Emergency room visits for mental health issues have skyrocketed since the COVID-19 pandemic began. And doctors say the very rules to keep people safe from the virus are doing great damage when it comes to anxiety, depression and even suicide.
It spans the ages and now everyone is suffering. But children are particularly at risk.
They can’t play with friends, they are not in school, sports are canceled and for young ones it feels like their life as they know it is lost.
Dr. Jennifer Hoffmann is with Lurie Children’s pediatric emergency medicine
“Emergency department visits we are seeing for mental health conditions among youth has increased dramatically,” she said. “We know that children are facing increased social isolation and losses of their usual sources of support such as their peers their teachers or their coaches. And many children are no longer able to access their usual sources of mental health care.”
At lurie children’s hospital, emergency room physicians are seeing a 50 percent increase in mental health visits.
“Every day we see at least 10 children or more,” Hoffmann said.
So while children are not getting as sick as adults with SARS CoV-2, the virus that causes COVID-19, there is another contagion that is threatening them.
“Children and youth are very much impacted by what’s going on in your family,” Hoffmann said. “We hear a lot about how COVID-19 is impacting adults more than youth. And that’s true in terms of their physical health – where adults are being hospitalized and dying from the pandemic. But really among youth it’s a mental health crisis.”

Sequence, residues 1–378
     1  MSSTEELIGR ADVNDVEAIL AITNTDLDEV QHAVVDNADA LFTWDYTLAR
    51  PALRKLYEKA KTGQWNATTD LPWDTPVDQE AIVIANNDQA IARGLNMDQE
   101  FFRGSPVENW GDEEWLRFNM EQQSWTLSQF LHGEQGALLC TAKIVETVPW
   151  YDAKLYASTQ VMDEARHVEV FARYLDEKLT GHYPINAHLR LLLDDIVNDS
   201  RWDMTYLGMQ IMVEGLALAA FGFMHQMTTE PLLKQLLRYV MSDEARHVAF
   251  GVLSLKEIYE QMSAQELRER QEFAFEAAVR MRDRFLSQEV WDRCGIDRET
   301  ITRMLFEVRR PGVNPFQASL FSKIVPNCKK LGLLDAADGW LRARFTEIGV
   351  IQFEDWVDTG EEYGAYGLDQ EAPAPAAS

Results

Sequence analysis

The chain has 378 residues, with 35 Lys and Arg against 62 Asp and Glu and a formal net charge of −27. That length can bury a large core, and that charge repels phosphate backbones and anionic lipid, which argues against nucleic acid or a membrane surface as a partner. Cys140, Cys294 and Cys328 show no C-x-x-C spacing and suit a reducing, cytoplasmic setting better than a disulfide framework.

Whether it’s the loss of a family member or loved ones with building anxiety and depression, the weight of the pandemic is falling on children hard.
“Children with underlying depression and anxiety may experience worsening of their symptoms and we are unfortunately also seeing increases in teens with suicidal thoughts,” she said.
Doctors urge parents to look for the signs.
“You might notice subtle things such as that your child is having difficulty sleeping,” Hoffmann said. “You might notice that they are cheerful or just more stressed compared to their usual stress level. And all of those cases a good first step, if you are noticing any warning signs, is to talk to your pediatrician.”
And take action when life is in danger.
“Anytime you are worried that your child might harm themselves, or another person, is certainly an indication to come straight to the emergency room,” Hoffmann said.
Most importantly, make the home a safe place, to talk, to live and to prevent loss of life. That means locking up firearms, medications and liquor.
“We do know many suicides by teens are impulsive acts and often are not predictable,” Hoffmann said. “So keeping these unsafe items locked away safely is one of the best things you can do to prevent suicide.”
If you or someone you care about are having difficulty in pandemic or otherwise, please reach out for help.
Lurie Children’s has a family support line that families can call:
Family Information and Support Line
If you would like to contact a social worker, psychologist or child life specialist for information on community referrals or coping resources, you can call 312.227.4118 and leave a message. Your call will be returned within 24 hours, Monday through Friday. This service is for non-urgent questions only. For emergencies, please call 911.
National Suicide Prevention Lifeline — (800) 273-8255
You can find other resources at Lurie Children’s website